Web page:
Fearing a further downgrade of India's credit rating if a burgeoning fiscal deficit is not contained, the government, under pressure to cut fuel subsidies, is likely to increase diesel prices by Rs. 5 per litre shortly after the Parliament sessions ends, said government sources.
"We (government) are left with very limited options and a hike in the price of diesel has become inevitable," a top official in the Prime Minister's Office (PMO) said.
"Fuel subsidies have to be capped and the finance ministry is seriously working on this aspect."
However, officials agreed that increasing diesel prices is not going to be an easy task.
Since any increase in diesel prices has a cascading effect on the prices of all essential commodities, thereby fuelling inflation, the government will have to cautiously tread the path, especially the country is already facing a drought-like situation in the wake of patchy monsoon rains. Any hike in prices will affect farmers, who are using diesel to pump water for their farms.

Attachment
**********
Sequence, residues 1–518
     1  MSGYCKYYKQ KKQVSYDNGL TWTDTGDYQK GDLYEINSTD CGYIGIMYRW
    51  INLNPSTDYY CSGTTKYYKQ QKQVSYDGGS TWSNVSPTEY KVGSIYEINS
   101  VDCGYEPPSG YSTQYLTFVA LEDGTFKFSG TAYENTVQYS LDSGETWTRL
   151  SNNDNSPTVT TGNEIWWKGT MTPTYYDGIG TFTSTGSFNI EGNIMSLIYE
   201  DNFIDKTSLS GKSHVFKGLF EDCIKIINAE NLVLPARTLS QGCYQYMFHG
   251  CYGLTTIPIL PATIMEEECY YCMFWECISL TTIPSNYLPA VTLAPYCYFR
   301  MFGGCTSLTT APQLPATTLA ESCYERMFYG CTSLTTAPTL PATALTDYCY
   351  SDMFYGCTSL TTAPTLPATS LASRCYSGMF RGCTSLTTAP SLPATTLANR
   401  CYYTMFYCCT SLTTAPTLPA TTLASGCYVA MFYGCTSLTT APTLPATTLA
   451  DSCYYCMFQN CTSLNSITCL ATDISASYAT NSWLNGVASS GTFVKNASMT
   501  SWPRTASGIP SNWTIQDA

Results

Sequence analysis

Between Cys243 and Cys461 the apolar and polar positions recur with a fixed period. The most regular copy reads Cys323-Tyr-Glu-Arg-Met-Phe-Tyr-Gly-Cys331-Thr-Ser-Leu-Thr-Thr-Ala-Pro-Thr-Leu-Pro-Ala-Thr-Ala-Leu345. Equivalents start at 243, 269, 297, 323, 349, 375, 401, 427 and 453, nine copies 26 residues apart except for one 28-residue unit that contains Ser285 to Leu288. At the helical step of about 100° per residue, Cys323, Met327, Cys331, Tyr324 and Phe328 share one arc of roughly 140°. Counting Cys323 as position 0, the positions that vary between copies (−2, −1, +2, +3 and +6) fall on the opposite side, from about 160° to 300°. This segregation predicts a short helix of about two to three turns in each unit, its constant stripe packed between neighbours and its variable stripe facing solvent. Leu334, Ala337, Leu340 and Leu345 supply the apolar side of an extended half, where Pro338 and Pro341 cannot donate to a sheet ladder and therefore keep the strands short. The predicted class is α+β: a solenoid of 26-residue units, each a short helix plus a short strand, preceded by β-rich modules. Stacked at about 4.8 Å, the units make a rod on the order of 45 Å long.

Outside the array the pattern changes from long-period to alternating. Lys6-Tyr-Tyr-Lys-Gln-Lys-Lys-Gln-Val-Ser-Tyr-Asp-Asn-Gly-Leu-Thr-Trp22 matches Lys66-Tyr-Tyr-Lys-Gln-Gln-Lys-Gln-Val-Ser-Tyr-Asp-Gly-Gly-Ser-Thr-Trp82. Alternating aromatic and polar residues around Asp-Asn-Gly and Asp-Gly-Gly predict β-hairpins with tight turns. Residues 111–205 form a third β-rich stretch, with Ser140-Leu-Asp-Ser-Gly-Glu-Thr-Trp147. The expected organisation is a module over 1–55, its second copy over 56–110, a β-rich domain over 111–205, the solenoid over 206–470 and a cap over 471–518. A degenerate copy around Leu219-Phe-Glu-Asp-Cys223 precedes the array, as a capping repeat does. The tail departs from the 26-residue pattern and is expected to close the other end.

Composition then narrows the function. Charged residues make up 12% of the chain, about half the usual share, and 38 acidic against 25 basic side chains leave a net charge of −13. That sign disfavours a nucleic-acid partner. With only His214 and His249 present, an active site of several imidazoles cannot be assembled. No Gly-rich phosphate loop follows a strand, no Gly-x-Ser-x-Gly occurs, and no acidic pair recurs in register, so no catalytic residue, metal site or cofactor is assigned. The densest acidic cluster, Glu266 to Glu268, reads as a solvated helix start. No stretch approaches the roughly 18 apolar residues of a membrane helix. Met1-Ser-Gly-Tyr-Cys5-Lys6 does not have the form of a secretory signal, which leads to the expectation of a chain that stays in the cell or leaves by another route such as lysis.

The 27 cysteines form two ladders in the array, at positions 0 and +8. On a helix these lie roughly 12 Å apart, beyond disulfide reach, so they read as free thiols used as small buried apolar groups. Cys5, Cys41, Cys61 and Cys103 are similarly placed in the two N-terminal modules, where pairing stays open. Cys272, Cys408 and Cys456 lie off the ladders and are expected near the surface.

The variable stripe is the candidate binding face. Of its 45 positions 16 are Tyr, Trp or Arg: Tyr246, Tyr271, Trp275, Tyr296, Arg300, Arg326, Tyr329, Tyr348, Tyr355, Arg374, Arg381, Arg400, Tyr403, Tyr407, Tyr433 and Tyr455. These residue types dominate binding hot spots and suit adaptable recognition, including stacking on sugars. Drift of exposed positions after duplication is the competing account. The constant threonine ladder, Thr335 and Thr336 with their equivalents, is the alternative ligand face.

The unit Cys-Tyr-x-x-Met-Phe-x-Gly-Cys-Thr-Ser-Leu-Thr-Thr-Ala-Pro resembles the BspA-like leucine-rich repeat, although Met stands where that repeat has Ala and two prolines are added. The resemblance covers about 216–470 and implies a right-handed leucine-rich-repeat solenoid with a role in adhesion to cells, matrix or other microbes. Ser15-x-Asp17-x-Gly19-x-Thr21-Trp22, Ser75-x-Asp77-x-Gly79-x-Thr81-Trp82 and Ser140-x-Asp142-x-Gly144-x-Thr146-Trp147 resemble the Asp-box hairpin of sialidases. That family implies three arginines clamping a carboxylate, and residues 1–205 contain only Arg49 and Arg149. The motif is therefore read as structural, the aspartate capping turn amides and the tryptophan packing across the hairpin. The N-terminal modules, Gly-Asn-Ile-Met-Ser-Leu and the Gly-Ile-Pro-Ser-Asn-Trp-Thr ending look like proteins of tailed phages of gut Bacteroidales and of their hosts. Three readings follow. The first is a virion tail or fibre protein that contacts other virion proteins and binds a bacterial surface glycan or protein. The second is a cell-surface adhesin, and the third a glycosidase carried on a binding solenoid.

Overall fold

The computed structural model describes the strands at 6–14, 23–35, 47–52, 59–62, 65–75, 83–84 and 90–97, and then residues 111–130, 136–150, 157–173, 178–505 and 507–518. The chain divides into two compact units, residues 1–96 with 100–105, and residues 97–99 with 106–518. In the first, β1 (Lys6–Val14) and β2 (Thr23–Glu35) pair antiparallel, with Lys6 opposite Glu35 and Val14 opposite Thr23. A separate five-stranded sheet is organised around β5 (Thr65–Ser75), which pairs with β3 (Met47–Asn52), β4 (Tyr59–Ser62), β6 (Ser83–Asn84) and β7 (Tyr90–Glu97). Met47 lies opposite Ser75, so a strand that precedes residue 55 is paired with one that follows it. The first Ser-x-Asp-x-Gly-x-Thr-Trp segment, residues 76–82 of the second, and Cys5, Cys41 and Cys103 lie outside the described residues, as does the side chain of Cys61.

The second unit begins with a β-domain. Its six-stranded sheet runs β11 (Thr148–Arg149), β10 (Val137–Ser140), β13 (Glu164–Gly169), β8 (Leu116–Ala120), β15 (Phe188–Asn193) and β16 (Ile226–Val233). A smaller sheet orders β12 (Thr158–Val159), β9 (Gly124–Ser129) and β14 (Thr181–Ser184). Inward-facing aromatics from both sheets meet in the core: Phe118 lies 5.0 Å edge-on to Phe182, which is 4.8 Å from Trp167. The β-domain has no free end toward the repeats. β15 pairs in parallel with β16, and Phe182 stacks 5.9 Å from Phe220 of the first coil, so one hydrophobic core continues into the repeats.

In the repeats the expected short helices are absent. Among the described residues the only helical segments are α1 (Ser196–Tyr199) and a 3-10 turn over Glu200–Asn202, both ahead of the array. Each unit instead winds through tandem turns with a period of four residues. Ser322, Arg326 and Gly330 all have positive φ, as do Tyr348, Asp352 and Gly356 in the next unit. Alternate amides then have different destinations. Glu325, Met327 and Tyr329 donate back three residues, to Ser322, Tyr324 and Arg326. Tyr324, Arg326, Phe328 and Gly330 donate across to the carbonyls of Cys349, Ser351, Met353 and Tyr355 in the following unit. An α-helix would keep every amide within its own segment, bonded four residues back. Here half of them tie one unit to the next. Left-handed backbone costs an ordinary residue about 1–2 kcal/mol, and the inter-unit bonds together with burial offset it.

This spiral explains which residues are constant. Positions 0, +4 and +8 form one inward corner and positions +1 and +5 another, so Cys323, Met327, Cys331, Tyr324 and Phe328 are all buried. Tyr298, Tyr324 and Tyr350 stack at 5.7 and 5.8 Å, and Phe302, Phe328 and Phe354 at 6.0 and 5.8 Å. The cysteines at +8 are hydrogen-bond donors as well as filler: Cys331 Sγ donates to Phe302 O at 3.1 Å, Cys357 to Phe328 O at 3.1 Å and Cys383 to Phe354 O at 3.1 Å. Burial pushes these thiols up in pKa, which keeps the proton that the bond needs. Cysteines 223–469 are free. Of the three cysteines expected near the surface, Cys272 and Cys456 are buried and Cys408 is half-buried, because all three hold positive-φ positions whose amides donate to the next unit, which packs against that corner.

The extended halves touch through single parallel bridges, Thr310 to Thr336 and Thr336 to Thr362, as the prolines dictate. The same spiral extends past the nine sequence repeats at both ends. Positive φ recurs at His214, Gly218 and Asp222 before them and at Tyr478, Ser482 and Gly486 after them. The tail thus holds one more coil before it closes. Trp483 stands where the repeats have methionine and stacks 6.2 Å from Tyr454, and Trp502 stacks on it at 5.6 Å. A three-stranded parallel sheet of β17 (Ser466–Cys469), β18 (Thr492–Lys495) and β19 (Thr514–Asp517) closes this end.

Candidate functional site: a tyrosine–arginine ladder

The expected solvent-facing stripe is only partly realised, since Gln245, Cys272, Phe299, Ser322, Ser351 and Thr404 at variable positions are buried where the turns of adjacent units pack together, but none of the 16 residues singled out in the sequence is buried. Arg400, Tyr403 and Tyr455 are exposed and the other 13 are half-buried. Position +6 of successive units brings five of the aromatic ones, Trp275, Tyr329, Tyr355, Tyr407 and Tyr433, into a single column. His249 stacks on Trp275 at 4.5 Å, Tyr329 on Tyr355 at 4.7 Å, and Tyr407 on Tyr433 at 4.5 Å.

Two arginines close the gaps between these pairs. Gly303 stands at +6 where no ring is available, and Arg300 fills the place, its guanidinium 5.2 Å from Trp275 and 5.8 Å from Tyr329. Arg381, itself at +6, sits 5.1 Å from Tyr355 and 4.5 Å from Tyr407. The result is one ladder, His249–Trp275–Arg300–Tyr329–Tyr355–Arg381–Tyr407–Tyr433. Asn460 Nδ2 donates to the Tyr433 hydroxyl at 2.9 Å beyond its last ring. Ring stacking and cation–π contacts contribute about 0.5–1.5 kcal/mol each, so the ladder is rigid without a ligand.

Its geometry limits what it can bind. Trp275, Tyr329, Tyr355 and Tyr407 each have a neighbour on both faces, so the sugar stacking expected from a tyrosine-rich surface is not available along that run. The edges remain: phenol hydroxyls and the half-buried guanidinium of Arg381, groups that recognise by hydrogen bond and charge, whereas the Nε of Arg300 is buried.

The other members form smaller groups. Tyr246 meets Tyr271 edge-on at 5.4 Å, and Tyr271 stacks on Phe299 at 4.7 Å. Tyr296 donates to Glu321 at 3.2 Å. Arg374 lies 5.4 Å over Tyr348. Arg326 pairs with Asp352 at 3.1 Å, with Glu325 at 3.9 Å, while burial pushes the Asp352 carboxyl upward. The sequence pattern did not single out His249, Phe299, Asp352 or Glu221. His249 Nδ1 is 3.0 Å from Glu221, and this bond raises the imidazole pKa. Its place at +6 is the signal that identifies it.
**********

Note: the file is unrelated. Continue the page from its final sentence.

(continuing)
Diesel has a weightage of 4.67 in the WholeSale Price Index (WPI), which is highest among the 670 commodities of the WPI Index. For each rupee increase in diesel price, the WPI index is estimated to increase by 0.13%.
It is estimated that a Rs. 5 per litre increase would add 0.5-0.8 percentage points to headline WPI, which is currently a little below 7%.
Diesel prices have not been increased since June 25, 2011 and the government had to pay Rs. 41,000 crore (or 0.7% of the GDP) to oil marketing companies for subsidising diesel.
State-owned oil marketing companies - Indian Oil, Hindustan Petroleum and Bharat Petroleum - are currently said to be incurring losses of over Rs. 14 a litre on diesel, Rs. 237 on every LPG cylinder and Rs. 30 a litre on kerosene.
The projected losses on the sale of these fuels below cost have also been projected at Rs. 1.9 lakh crore for the current fiscal.
However, the finance ministry, yet to release subsidy support to oil firms, is screening the projected losses of oil companies and is likely to prune them by almost 20%, said sources.